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Fetes in jeopardy


Carol Martindale

Fetes in jeopardy

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SOME ENTERTAINMENT promoters could have the plug pulled on Crop Over parties planned for the weekend.
That’s because they learned only this week that they first need to obtain an entertainment licence.
According to an official at Town Planning, from this year the department will have to issue a certificate to promoters indicating they have no objection to the staging of an event at the specified venue.
The source also explained that promoters would have to apply in writing to Town Planning, after which there would be a site visit.
He said the certificate would more than likely have a 30-day cover.
The first casualty was Berger Boyz. They were forced to postpone their launch planned for last night at Weiser’s On The Bay. Edward Toppin, the founder of the group, told the WEEKEND NATION yesterday that he only found out about this requirement a couple days ago.
He is now hoping to get his licence soon in order to launch next week at A&B car park in Wildey, St Michael.  He said he was told it would take about seven days to get the licence.
Toppin said: “This is new to everybody. Nobody called us to inform us of this; so we thought everything was as normal this year. We went into the Value Added Tax (VAT) Department this week and that is when we were told we needed to have this entertainment licence.
“My problem is that there was no official communication or notification from any of the relevant agencies,” he said.
Toppin, who said Berger Boyz has been around for 13 years, said the new requirement could have an impact on the entire festival.
Tamara Arthur, the representative for promoters, said it was unfortunate that at a Crop Over stakeholders’ meeting in January the requirement for the licence which costs $150 was not communicated.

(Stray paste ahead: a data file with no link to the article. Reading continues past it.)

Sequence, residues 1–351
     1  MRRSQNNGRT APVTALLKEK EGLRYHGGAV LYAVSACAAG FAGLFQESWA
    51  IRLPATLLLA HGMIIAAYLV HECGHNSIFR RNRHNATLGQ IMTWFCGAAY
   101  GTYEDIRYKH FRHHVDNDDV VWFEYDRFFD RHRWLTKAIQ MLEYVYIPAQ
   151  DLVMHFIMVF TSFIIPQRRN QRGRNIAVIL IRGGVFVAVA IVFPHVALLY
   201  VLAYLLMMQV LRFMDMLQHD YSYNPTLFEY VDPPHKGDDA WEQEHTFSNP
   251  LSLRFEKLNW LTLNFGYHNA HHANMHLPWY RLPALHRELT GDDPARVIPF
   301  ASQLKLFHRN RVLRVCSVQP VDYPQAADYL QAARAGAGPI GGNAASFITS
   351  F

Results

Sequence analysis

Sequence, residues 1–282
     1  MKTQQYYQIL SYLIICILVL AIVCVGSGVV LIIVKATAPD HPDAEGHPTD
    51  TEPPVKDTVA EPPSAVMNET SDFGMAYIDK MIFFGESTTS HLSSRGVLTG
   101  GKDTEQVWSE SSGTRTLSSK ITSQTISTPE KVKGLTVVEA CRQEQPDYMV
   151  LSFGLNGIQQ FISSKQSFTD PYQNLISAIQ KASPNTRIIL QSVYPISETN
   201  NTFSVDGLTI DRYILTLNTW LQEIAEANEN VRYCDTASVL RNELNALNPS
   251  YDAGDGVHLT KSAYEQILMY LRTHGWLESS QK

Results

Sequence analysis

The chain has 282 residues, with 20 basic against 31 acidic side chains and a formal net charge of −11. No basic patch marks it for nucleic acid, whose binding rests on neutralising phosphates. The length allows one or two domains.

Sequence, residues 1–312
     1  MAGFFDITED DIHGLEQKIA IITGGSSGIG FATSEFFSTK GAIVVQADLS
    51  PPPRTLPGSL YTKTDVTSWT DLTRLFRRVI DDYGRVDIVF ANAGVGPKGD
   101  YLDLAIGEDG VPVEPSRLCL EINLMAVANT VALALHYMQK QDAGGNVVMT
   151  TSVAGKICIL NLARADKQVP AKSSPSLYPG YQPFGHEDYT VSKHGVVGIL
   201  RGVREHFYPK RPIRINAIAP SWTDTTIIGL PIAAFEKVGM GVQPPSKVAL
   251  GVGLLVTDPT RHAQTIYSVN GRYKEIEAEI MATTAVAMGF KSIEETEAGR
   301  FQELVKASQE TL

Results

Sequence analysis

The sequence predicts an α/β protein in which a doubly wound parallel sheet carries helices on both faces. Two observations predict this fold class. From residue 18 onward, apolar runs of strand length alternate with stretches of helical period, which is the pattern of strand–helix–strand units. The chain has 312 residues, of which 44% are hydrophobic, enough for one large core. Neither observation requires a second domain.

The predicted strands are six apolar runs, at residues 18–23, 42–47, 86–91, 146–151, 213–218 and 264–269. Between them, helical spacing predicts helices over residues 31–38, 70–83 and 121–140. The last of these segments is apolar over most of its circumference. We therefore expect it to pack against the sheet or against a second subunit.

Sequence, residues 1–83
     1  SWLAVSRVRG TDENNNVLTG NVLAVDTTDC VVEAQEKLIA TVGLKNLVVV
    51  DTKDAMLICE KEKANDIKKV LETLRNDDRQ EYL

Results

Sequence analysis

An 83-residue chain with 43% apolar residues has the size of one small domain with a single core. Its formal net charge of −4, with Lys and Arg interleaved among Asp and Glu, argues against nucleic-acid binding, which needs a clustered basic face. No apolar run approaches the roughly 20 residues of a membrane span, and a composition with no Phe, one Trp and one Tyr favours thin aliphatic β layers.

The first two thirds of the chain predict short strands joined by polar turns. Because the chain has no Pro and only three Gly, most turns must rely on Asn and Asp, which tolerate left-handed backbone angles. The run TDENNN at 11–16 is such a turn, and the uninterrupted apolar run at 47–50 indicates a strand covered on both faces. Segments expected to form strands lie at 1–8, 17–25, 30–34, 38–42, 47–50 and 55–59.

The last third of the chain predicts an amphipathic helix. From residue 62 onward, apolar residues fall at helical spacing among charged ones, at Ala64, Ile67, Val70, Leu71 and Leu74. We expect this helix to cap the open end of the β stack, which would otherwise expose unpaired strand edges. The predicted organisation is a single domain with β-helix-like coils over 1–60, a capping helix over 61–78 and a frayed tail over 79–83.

Arthur, a director of Party Central, which holds Sunday limes in Husbands, St James, noted their events were also in jeopardy.
She said that during a recent meeting with Chester Howell of Town Planning, he indicated they would shortly be discussing the matter with the police and Fire Department, National Cultural Foundation and VAT officials, after which a decision would be made.
“This jeopardises a number of Crop Over events, including tents held in schools, as well as other events held across island,” said Arthur.
The National Cultural Foundation, which produces Crop Over, said it was now looking into the situation.
Corporate communications specialist Wayne Simmons said some promoters had been enquiring about the licence; but the foundation was still to hear from the Town & Country Planning Department firsthand.
The group Power x 4, which has a party tomorrow at the Party Stand, said it was not affected.
Director Chetwyn Stewart said: “The Party Stand is an established entertainment facility. This crackdown may have to do with the complaints of violence at various venues.”
Efforts to reach Chief Town Planner Mark Cummins and his deputy George Browne and Anthony Gittens of the VAT Department proved futile.
 

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